For CHIPS to succeed, these opportunities must be open to everyone. Inclusion is a core value of CHIPS for America. Inclusion is a win-win-win.
Making the economy work for all citizens by expanding access to good jobs is the right thing to do. That’s a win for Americans.
We also know that work groups with more diversity are more creative and effective. That’s a win for employers and research groups — and for American innovation and entrepreneurship.
And we know that, to muster all the people needed to staff the semiconductor sector, we must attract more people from underserved communities — including women, people of color, veterans, persons with disabilities, and rural populations — with education and training programs and wrap-around services to support the most vulnerable populations. That’s a win for everyone.
The CHIPS Incentives Program has a clearly stated goal of increasing educational and workplace diversity, equity, and inclusion. We provide applicants with guidance on seeking partners for labor recruitment, particularly among underserved groups, and forming partnerships with educational and training organizations that can prepare people to work in the semiconductor sector.
Inclusion is a priority in the R&D arm of CHIPS, too. The CHIPS R&D programs are committed to training new generations of technical experts and researchers that represent the diversity of America, and that have the skills and knowledge to advance semiconductor science and the sector.
The CHIPS Packaging Program and other facilities like the National Semiconductor Technology Center will help students from underserved communities explore careers in semiconductors and related fields. Trainees will have access to cutting-edge tools, processes, and materials, and opportunities like post-doctoral positions and fellowships. We also anticipate that the NSTC will fund research and training programs at HBCUs and minority-serving institutions, as well as host researchers for technical exchanges. In addition, the CHIPS R&D programs will help minority-owned start-ups access advanced prototyping and design tools.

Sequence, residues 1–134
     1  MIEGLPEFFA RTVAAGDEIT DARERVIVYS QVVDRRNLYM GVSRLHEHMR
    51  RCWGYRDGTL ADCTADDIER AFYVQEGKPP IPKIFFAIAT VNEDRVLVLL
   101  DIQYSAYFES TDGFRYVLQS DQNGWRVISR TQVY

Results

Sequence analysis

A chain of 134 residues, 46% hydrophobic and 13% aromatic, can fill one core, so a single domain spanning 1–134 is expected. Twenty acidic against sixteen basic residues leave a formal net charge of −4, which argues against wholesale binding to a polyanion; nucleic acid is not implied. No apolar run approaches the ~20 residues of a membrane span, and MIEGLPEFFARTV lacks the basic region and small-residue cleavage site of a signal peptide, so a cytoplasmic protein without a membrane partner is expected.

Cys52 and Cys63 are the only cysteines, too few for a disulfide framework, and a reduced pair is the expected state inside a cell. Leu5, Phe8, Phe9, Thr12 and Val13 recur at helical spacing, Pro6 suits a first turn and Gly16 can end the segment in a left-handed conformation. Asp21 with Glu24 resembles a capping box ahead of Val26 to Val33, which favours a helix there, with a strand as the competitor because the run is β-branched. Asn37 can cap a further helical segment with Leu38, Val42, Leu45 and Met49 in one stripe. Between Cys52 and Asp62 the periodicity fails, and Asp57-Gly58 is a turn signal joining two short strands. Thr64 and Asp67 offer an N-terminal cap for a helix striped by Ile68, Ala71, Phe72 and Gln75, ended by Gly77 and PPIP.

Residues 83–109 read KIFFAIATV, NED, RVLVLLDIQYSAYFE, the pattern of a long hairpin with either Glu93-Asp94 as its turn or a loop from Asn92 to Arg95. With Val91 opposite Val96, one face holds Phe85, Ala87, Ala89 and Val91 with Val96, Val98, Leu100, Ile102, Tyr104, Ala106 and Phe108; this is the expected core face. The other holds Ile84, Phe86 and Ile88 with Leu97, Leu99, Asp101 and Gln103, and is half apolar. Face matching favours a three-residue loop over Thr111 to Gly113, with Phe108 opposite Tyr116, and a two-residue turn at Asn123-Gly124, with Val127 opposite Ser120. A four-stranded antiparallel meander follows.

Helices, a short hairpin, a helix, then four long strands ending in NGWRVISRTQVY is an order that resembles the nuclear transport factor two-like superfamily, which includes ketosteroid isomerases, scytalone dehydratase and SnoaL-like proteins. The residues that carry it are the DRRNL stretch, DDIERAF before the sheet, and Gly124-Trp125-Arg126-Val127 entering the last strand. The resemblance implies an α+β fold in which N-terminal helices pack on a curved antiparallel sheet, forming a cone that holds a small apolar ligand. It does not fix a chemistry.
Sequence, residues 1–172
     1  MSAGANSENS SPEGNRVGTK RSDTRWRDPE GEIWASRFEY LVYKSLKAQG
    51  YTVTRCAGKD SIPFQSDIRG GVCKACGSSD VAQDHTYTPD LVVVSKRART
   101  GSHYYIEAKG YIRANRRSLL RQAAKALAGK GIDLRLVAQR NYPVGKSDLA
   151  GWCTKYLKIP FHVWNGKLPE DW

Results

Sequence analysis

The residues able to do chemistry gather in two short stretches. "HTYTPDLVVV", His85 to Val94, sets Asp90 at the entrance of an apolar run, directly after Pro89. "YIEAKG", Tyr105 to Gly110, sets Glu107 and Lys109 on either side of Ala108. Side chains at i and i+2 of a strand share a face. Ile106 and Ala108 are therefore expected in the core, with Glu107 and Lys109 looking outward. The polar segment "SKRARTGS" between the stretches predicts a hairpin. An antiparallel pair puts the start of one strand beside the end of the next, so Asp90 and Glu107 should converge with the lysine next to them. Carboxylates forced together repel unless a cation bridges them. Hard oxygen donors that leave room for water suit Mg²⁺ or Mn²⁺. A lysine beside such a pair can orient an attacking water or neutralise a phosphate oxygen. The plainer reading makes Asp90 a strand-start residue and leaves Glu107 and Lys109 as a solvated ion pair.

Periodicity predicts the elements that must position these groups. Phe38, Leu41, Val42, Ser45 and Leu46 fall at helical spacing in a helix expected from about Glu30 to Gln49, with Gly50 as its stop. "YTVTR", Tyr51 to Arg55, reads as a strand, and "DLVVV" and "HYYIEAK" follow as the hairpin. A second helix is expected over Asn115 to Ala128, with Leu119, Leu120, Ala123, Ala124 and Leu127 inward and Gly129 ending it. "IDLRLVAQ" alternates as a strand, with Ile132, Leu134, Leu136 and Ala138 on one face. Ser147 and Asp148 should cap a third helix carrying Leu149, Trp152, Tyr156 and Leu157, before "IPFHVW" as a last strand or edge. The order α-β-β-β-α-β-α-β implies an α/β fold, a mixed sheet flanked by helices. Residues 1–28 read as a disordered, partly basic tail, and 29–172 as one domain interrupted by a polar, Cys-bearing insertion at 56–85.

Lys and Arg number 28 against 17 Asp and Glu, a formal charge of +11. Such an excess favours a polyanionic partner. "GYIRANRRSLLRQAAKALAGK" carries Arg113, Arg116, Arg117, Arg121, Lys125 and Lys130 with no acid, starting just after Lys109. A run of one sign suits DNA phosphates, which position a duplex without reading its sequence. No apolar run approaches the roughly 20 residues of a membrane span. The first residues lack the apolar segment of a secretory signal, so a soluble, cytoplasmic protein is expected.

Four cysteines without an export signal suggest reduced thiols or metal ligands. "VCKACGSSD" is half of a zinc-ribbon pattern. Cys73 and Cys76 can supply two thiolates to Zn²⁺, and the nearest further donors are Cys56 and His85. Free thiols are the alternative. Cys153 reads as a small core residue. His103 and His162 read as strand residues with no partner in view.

Since we are celebrating an announcement from CHIPS R&D, I want to introduce the director of the CHIPS Research and Development Office, Lora Weiss, who will help to make our visions of a robust innovation ecosystem come to life. Lora recently joined CHIPS from Penn State, where she was senior vice president for research. Lora has also served at Georgia Tech, most recently as senior vice president and director of the Georgia Tech Research Institute. Thank you, Lora, for answering the call to federal service. Lora shares my commitment to diversity in STEM and, along with the other CHIPS staff members, will help to ensure that CHIPS for America is for all Americans.
Thank you for your attention today. I will now take any questions you may have.